If you can chalk that up to anything, it’s the embarrassing 1995 film adaptation starring Sylvester Stallone that tried to turn the subversive antihero into a boring action hero via Stallone’s slurring and what at least Rob Schneider considered to be comedic relief. That movie cheated audiences out of a proper rendition of the character and led people to believe that Jon Wagner/Carlos Ezquerra’s iconic creation was convoluted sci-fi trash. Thankfully screenwriter Alex Garland (28 Days Later) has been nursing along this new Judge Dredd dream project for years, hoping to finally show the world the hyper-violent joys of the one-man judge, jury, and executioner. It’s not a perfect movie, but it is a strong slick n’ sick starting point for what could hopefully be the first R-rated comic book franchise.
For the unfamiliar, Judge Dredd takes place in a not-to-distant overpopulated world where crime has spiraled out of control. This world is divided into a handful of Megacities, where the old world is supplement by massive tower blocks that are housing projects expanded into all purpose 100+ story mini-city slums. The police force can only respond to about 6% of the reported crimes on a given day, so they are all appointed judges with the right to prosecute and kill criminals as they see fit. Dredd is Megacity’s most feared and loved Judge whose gruff exterior seems to come to life only when doling out justice with bullets. At the start of Dredd 3D, our friendly neighborhood badass is assigned a rookie partner in Anderson (Olivia Thirlby in a role ripped from the comics), who doesn’t wear her standard issue helmet because it conflicts with her psychic powers. They decide to investigate a triple homicide at one of the slum towers and soon learn that the psychotic crimelord/former prostitute Ma-Ma (Lena Headey, whose character isn’t in the comics as far as I know, but should be) was responsible and runs the tower. She locks the two judges in the building and assigns her legion of goons to bring them down. Big mistake.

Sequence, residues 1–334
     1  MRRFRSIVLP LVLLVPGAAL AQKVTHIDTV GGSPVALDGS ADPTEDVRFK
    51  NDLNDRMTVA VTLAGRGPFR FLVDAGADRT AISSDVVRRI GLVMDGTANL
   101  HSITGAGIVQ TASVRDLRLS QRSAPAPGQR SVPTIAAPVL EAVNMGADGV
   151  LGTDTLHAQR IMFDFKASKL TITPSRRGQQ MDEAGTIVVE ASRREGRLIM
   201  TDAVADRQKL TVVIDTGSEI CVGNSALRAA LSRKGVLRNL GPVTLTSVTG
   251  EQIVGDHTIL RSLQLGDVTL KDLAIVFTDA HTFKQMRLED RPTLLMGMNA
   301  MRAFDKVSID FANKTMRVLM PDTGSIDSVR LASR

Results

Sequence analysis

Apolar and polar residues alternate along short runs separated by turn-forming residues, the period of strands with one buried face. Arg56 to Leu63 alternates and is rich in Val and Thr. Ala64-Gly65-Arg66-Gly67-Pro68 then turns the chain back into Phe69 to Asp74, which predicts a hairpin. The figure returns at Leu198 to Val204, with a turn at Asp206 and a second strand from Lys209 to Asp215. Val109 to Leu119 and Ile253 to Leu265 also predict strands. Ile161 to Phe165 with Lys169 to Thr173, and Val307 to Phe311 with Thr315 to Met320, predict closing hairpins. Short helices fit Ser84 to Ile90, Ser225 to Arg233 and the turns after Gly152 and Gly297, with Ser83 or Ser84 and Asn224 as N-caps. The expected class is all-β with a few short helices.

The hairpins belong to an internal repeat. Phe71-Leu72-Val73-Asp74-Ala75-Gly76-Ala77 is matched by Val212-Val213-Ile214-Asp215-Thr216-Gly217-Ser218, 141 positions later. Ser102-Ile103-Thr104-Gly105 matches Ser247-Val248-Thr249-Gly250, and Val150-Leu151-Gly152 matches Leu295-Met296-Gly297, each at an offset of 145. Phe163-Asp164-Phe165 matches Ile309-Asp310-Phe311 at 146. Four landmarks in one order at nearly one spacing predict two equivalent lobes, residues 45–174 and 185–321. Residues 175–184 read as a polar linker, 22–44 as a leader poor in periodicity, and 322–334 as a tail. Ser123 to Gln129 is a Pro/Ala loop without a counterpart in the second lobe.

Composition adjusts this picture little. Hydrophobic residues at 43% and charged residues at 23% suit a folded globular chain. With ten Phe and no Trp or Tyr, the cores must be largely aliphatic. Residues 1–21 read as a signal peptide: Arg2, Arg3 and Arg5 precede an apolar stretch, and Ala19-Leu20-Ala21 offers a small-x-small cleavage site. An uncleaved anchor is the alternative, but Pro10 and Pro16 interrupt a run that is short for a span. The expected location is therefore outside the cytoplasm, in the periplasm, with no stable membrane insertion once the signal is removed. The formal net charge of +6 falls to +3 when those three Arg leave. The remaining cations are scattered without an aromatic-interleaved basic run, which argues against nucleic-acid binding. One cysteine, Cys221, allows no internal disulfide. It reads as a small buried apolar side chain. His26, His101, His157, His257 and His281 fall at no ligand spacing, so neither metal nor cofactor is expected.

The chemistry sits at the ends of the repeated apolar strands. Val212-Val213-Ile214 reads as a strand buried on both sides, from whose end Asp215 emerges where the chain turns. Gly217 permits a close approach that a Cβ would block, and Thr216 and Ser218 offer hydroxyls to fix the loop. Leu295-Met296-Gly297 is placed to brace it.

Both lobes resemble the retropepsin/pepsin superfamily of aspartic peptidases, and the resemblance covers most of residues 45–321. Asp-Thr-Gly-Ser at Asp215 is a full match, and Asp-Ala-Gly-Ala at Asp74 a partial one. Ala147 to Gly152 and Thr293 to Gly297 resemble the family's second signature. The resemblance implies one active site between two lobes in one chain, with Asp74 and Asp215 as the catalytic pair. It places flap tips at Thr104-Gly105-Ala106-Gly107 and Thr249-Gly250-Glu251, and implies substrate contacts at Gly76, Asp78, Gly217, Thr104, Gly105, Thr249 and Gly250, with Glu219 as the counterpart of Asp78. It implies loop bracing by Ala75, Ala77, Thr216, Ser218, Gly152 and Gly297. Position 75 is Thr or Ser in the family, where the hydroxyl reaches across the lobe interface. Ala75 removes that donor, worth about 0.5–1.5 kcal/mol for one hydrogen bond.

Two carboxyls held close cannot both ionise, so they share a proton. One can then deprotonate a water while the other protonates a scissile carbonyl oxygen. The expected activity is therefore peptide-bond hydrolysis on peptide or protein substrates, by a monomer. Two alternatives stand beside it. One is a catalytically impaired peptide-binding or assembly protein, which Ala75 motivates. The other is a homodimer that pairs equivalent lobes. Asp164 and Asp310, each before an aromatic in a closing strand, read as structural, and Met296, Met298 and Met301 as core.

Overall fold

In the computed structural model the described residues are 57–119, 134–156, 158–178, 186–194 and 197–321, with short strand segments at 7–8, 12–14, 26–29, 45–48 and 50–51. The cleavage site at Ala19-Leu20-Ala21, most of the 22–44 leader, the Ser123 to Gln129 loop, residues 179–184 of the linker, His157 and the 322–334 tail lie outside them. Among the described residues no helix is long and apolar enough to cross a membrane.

the tone and world are so perfectly established that the stage is (hopefully) set for that to start happening soon. What’s most refreshing about Garland and director Pete Travis’ (Vantage Point) approach is how truly nasty it is. When the character was first created, he was a parody of American action heroes like Dirty Harry who were violent fascists and terrible human beings, heroic only because they were on the right side of the law and their villains were somehow worse. Over time Judge Dredd became less of a parody and matured into his own psychotic antihero that Garland, Travis, and star Karl Urban clearly know and love. The onscreen action is appropriately vicious. This isn’t a kid-friendly cartoon hero, nor should it be. Judge Dredd was always one of the first adult-driven comic book titles and the film brings back the brand of old school dirty action movies that has been gone for far too long. Heads explode and villains are killed without remorse. Karl Urban appropriately delivers all of his lines in a growling snarl, which thankfully never becomes grating like Christian Bale’s take on Batman. He also never takes off the helmet unlike the crap Stallone version. If you love Judge Dredd, you’ll find him here on the big screen doling out his “shoot first” brand of justice just like you’ve been reading about for years. Unfortunately the story doesn’t come from any of Dredd’s hundreds of classic adventures, but the tone and world are so perfectly established that the stage is (hopefully) set for that to start happening soon.